1. 1. History
Nepal Development Bank Limited (NDBL) was established under the Company Act, 2053(1997) in Chaitra 6, 2054 (March 19, 1998). It was the first national level development bank established by the private sector in Nepal. It had commenced its operation since Magh 17, 2055(January 31, 1999) as per Development Bank Act, 2052 (1996). Since Baisakh 21, 2063(May 4, 2006), it had imparted its services in accordance with Bank and Financial Institution Act, 2063. It had entered into the subscription and services agreement with Industrial Development Bank of India Ltd. (IDBI), the most leading development bank of India on 7th July 2003. It had been honored with ADFIAP (Association of Development Financing Institution in Asia and the Pacific and foreign countries) Development Awards 2004 Infrastructure Development Category for its significant contribution towards infrastructure development in the country. The main objective of NDBL was to cater the demand of medium and long term finance for the industrial, commercial, agricultural, tourism, infrastructure sectors and other services by offering various banking facilities. It mobilized its sources in the form of fixed, saving and other short-term deposits with competitive interest rates.
1.2. Bank Failure:
Bank (depository institutions) failures are widely perceived to have greater adverse effects on the economy and thus are considered more important than the failure of other types of business firms. In part, bank failures are viewed to be more damaging than other failures because of a fear that they may spread in domino fashion throughout the banking system, felling solvent as well as insolvent banks. Thus, the failure of an individual bank introduces the possibility of system wide failures. This perception is widespread. It appears to exist in almost every country at almost every point in time regardless of the existing economic or political structure. As a result, bank failures have been and continue to be a major public policy concern in all countries and a major reason that banks are regulated more rigorously than other firms. A bank fails economically when the market value of its assets declines below the market value of its liabilities, so that the market value of its capital (net worth) becomes negative. At such times, the bank cannot expect to pay all of its depositors in full and on time. The bank, or indeed any firm, should be resolved as quickly as possible in order to treat all depositors (creditors) fairly and not allow a run by depositors holding demand and short-dated deposits. The longer an insolvent bank is permitted to operate, the more time such informed depositors have to withdraw their funds at par value and effectively strip the bank of its valuable assets. The entire loss will then be borne by less informed depositors and holders of longer-dated deposits. Moreover, because banks are closely intertwined financially with each other through lending to and borrowing from each other, holding deposit balances with each other, and the payments clearing system, a failure of any one bank is believed to be more likely to spill over to other banks and to do so more quickly. Thus, the banking system is seen as more susceptible to systemic risk, because there is probability that cumulative losses will occur from an event that ignites a series of successive losses along a chain of institutions or markets comprising a system.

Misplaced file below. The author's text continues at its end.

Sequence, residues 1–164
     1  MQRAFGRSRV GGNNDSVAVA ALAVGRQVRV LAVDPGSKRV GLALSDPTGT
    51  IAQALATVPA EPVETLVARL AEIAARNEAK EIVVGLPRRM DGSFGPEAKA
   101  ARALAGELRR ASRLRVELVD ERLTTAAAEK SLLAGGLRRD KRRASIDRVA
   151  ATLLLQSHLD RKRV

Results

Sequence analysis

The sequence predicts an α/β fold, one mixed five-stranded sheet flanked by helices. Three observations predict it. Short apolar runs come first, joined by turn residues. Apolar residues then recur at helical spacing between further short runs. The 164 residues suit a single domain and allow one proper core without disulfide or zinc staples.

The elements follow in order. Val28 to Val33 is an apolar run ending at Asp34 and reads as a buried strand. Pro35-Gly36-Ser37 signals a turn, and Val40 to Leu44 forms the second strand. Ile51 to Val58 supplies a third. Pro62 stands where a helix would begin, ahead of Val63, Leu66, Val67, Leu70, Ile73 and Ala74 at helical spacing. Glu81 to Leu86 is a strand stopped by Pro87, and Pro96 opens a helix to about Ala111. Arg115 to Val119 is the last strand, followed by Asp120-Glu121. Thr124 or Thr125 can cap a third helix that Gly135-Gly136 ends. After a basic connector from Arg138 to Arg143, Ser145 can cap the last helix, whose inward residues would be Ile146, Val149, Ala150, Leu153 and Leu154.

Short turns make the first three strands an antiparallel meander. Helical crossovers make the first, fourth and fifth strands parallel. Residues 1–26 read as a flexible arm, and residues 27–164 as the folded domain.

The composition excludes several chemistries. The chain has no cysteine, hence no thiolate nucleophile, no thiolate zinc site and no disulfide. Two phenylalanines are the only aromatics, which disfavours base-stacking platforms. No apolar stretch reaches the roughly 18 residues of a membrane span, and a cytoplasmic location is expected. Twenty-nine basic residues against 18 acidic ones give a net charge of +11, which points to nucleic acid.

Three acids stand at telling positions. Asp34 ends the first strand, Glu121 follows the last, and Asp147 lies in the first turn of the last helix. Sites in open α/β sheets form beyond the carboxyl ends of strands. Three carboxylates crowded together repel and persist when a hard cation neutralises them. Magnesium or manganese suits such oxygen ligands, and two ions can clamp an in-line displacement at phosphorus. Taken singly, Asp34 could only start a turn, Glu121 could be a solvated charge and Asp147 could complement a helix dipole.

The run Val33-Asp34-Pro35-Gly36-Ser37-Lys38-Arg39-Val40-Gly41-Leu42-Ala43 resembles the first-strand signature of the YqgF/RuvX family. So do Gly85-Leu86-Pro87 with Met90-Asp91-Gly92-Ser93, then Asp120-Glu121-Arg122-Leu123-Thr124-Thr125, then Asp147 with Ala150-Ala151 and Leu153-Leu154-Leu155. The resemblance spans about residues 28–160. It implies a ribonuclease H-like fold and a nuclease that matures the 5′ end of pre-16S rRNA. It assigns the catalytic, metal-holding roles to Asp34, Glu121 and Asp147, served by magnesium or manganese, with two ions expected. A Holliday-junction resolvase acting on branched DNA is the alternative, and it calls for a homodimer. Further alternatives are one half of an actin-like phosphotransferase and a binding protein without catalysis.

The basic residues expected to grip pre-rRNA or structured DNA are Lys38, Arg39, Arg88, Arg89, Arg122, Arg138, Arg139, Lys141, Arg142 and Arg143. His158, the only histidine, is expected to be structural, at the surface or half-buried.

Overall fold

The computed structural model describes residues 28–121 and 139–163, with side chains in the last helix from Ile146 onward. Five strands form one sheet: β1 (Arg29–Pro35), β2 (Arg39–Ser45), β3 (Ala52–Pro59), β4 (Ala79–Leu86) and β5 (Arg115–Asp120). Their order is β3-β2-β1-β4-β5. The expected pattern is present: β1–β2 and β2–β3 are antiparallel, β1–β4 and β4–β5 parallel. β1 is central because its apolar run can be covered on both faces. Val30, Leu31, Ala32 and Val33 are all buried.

1.3. Objective of the study:
The main objectives of our study are:
* To identify the causes of failure of Nepal Development Bank Limited * To study the impact of its failure on different stakeholders and depositors * To study the impact of its failure in the financial system * To identify different measures to be taken by Central Bank and other BFIs to avoid similar failure. * To develop the critical and conceptual skills